WOONSOCKET â€“ The guys who turned a gritty remnant of the past into a feel-good documentary about high school life have landed a berth on the same channel known for showcasing Downton Abbey, Sesame Street and other icons of public television.
â€śMy Old Schoolâ€ť will be featured on the state Public Broadcasting System affiliate WSBE-TV during â€śpledge week,â€ť one of the regular on-air drives for private donations that helps keep non-commercial TV alive.
Itâ€™s a major coup for the producers of â€śMy Old School,â€ť who were so pressed for cash they wouldnâ€™t have been able to stage the only screening of the movie so far without help from Kickstarter. They raised $4,000 on the crowdfunding web site to show the movie to an audience of some 400 at Woonsocket High School last October.
â€śItâ€™s a good feather in our cap, itâ€™s good for our resumes and its good for our exposure,â€ť Producer Scott Gabrielson said of the coming TV premiere.
â€śMy Old Schoolâ€ť is a feature-length film about the cityâ€™s original high school, which marks its hundredth birthday this year. The rambling brick and marble structure on West Park Place morphed into the biggest middle school in New England when the current Woonsocket High School was built in the 1970s and it was shuttered for good in 2010, when the new middle school complex opened on Hamlet Avenue.
Some might say the building was left to the scrap heap of history, but others thought it was just a plain scrap heap, filled with mountains of abandoned school property and debris.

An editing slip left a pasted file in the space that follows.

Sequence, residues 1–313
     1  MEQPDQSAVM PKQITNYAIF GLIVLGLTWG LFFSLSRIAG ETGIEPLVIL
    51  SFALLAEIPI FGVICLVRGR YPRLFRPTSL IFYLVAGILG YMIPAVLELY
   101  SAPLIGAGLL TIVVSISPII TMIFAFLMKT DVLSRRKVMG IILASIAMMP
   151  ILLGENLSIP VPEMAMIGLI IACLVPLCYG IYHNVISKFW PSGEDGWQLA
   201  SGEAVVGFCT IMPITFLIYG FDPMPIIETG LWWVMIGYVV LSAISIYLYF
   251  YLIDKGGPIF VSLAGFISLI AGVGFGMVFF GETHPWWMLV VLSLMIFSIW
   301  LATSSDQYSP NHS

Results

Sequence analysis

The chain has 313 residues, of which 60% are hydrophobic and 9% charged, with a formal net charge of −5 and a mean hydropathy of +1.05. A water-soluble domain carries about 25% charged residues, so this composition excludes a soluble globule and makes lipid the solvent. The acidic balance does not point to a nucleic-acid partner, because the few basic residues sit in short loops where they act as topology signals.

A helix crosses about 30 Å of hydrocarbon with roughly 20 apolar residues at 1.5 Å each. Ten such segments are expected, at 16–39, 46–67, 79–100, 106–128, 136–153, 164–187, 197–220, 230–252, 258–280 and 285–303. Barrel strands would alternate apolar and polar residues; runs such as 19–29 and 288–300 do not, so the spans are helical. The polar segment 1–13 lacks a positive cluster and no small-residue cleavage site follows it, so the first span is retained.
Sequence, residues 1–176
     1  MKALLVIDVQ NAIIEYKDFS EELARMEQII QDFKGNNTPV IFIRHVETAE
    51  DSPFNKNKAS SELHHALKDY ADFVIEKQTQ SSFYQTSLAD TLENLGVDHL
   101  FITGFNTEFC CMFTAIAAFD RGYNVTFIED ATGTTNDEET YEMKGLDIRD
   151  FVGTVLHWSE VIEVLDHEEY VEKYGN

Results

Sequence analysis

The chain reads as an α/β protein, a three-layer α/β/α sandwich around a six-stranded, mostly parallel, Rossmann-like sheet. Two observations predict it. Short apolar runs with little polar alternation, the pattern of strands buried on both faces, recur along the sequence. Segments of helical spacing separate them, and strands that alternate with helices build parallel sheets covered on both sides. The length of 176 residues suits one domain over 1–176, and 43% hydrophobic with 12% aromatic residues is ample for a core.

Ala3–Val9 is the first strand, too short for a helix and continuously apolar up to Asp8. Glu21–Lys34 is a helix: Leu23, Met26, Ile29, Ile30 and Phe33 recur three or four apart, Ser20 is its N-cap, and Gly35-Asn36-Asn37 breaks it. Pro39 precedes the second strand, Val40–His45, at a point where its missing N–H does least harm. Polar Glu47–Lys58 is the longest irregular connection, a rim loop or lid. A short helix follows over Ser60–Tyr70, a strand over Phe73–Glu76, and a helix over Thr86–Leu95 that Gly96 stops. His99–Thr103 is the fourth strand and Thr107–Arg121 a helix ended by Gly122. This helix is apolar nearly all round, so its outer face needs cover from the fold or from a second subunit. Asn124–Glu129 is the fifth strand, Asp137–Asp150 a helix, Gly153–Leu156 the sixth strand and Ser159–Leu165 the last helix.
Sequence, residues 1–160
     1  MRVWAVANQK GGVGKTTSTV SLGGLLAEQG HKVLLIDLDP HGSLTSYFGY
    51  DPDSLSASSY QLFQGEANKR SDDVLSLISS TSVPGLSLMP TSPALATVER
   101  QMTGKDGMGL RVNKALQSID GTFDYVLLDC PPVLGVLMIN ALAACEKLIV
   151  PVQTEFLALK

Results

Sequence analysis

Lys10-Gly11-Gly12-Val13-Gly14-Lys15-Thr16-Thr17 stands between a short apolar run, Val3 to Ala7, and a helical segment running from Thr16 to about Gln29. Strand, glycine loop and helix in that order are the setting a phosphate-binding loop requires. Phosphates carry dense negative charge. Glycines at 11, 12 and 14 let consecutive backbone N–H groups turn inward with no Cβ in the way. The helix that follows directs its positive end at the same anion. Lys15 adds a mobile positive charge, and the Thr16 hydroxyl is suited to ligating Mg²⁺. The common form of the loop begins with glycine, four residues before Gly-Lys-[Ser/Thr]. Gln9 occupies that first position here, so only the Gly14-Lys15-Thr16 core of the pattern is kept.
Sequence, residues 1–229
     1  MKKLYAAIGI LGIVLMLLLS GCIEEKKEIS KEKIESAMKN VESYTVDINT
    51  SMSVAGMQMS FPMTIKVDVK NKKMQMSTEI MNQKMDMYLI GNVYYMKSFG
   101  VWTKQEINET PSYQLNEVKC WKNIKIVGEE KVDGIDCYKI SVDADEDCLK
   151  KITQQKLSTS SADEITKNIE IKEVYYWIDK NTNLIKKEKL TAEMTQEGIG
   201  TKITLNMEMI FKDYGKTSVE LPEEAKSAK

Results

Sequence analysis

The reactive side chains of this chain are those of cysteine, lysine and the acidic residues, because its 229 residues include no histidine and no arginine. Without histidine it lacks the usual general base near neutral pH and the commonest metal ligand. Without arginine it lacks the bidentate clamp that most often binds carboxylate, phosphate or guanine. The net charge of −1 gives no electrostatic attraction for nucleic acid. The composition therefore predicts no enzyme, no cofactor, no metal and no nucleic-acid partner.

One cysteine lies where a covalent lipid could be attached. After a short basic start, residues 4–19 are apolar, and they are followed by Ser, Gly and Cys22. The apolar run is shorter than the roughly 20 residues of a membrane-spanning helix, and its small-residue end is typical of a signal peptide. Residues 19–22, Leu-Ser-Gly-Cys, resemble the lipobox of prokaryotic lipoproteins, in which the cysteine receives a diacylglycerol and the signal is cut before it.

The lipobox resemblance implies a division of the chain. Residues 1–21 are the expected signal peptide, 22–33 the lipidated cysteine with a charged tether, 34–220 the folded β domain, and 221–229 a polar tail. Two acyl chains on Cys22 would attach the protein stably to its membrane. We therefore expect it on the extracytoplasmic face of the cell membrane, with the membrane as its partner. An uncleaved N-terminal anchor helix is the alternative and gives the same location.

Gabrielson and Director Jason Allard got an exclusive, inside look at the carcass of the old building, but they managed to come away with much more than a snapshot of a dead school.
By tracking down former teachers, students, and administrators, they painted a picture of a building that was alive with memories â€“ a picture the managers of WSBE-TV apparently found pretty appealing.
â€śWe had two meetings with them,â€ť said Gabrielson. â€śThey said it was a film that anyone whoâ€™d ever gone to high school anywhere could relate to, not just in Woonsocket. They said high school life is pretty much a universal experience.â€ť
In a prepared statement, PBS said â€śMy Old Schoolâ€ť is also part of a filmmaking trend in the Ocean State that its want to share with viewers.
â€śWith technology and editing equipment becoming more readily available, more independent filmmakers are able to create high-quality films,â€ť the network said. â€śMy Old School was produced with a budget of only $200. The entire project was a two-man team from the start.â€ť
PBS said it learned about the existence of the film on Kickstarter, a site that uses the broad reach of the Internet to raise funds for business startups in culinary arts, entertainment, fashion and other creative ventures. Kickstarter campaigns simply ask patrons for a donation, for which theyâ€™re promised little more than some token of recognition â€“ a commemorative T-shirt or a film prop, for example.
Allard and Gabrielson say they did have volunteer crew members who helped them make the film, and theyâ€™ll all be on hand at the WSBE studios for the TV premiere. Theyâ€™ll do on-camera interviews and help staff the phone bank to accept pledges.
The film will be offered as part of a minimum pledge package, but Gabrielson said he isnâ€™t sure how much donors will be asked to pledge to get a copy.
What he does know is that the film will get a coveted prime-time spot for its TV debut, 9:30 p.m. on March 6. Thatâ€™s Cox Channel 08/1008HD; FiOS 08/508HD; DirecTV and Dish Network 36; and Comcast 819HD.
â€śAfter the premiere, the DVD will be available for sale at a number of locations in Woonsocket, including the three Liâ€™l General Stores, Park Square Florist, Pepin Lumber, Câ€™est Bon, Shear Odyssey and the Museum of Work and Culture.â€ť
Follow Russ Olivo on Twitter @russolivo